My second thought about the >127 character is a "pen" solution. First set the character in Hex : $A5 and the do the drawing H5A3. Or always use two bytes for the character in hex: H5AA53. This would still save 22 byte with every HCHAR. Think of 5 levels with 10 xCHAR lines you'll have 1kb saved.

 

Steve

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5 hours ago, Asmusr said:

Magellan can export to an XB program. It doesn't use data compression and it doesn't include sprites, but it's probably the closest to a standard that we have.

https://magellan.js99er.net

 

Great! I didn't know this one... I'll check if one of the outputs qualifies to be compressed in the proposed way.

 

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20 hours ago, SteveB said:

Hi there,

 

when I wrote XB games with multiple rooms/levels I usually defined a description string, wrote a little interpreter and stored the levels in DATA statements (or a file). Usually a level had 30 to 60 bytes and the format was depending on the game, universal would be more.

 

I wonder whether there is a generic format to shorten the CALL HCHAR, VCHAR, SPRITE etc already established? One char per command or parameter, no need for seperators etc., i.e. five bytes for a HCHAR with character, row, column and repeat. Using 0-9, A-Z,a-z would give us 0 to 61, whereas I often used ASC(x)-48 which is faster but harder to read ... colon equals 10, D equals 20. With a level editor readability would not really be an issue, would it? Sprites would be positioned according to character coordinates (row*8)-7. CALL HCHAR(5,10,88,3) could be H5AX3 or H5:X3.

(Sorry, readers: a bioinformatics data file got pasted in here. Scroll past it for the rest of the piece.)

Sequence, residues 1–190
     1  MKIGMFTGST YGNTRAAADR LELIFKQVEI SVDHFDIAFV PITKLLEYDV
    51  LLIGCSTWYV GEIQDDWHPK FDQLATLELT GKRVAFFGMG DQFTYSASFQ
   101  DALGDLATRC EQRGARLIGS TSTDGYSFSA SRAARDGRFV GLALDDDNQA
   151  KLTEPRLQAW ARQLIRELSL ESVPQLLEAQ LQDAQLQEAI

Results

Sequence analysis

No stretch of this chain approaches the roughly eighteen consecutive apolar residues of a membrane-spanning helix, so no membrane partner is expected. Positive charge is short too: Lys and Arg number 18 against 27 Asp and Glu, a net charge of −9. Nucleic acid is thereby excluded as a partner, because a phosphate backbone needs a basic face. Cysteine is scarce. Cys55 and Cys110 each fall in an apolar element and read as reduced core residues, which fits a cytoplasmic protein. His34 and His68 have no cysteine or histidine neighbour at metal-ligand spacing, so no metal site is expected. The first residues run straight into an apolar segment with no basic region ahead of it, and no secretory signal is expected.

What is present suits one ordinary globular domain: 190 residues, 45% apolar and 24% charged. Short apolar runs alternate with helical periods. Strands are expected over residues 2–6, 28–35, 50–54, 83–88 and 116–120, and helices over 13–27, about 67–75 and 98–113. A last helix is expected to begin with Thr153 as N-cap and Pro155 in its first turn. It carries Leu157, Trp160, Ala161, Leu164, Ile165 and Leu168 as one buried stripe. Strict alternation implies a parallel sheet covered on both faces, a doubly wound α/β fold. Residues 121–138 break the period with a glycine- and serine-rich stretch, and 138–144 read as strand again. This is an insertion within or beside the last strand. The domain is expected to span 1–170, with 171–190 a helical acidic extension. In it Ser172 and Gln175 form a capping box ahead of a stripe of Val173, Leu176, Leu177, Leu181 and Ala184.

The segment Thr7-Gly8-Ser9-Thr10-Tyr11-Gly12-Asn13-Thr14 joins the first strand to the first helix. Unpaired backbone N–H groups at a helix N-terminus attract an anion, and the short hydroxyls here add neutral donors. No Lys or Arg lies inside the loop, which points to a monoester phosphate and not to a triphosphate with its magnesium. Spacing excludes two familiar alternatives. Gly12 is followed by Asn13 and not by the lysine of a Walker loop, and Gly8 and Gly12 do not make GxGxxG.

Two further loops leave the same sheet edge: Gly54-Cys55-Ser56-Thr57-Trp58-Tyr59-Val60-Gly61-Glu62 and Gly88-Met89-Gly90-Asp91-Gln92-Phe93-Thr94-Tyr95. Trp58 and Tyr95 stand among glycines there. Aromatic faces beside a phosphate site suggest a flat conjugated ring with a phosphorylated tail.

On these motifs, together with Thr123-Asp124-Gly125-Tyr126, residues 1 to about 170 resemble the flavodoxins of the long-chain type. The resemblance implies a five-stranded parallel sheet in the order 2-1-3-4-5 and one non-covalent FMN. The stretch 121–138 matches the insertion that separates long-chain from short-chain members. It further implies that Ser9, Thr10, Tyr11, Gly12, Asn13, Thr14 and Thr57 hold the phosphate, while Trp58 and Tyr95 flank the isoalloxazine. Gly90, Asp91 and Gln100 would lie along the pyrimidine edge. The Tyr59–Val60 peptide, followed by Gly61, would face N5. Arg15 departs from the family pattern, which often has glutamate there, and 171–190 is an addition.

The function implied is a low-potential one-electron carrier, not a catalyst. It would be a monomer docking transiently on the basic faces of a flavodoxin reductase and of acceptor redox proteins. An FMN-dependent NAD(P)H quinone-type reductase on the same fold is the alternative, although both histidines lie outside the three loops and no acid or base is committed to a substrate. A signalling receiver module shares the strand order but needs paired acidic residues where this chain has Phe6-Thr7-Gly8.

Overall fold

Does this makes sense? Or is there already something I wasn't able to find because this is hard to google? How to handle char codes beyond 127? Any clever ideas?

 

Thank you

Steve

 

XB256 is a stand alone utility and is also part of XB 2.8 G.E.M. Using XB256 you can define characters from 0 to 255, also any sprites are in a separate location. You can save selected areas of VDP memory such as screens, character definitions, etc. using RLE compression. These can be saved as DATA statements and added to your program. When the program wants to use these they can be loaded wiith a simple  and then restore those areas with CALL LINK("CWRITE",A$) where A$ is the compressed string you just read from a DATA statement.

Also, almost everything built into XB256 can be compiled.

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15 hours ago, senior_falcon said:

XB256 is a stand alone utility and is also part of XB 2.8 G.E.M. Using XB256 you can define characters from 0 to 255, also any sprites are in a separate location. You can save selected areas of VDP memory such as screens, character definitions, etc. using RLE compression. These can be saved as DATA statements and added to your program. When the program wants to use these they can be loaded wiith a simple  and then restore those areas with CALL LINK("CWRITE",A$) where A$ is the compressed string you just read from a DATA statement.

Also, almost everything built into XB256 can be compiled.

With your ISABELLA compiler I can avoid any manual memory access. Back in the days I did only have XB and a CS1, never learned the fancy E/A and memory stuff. RLE compressions sounds good, where can I learn which areas to use and how to reserve them? Everybody but me seems to know by now. There are some other areas where I could benefit from an "array of bytes", where I now use strings, complicated and slow to update.

 

Additionally I will try to do a short demo of my interpreter to see where this leads ... how big, how fast (or slow), now that I know there is no common standard yet. 

My next release of TiCodEd Structured Extended Basic will include XB256 support in the way you can use CALL CWRITE(A$) and it will become CALL LINK("CWRITE",A$) in the generated XB code for all routines. Just a little convinience. I just started testing with XB256 last week and still have shiny eyes when I see what is possible now, even without compiling.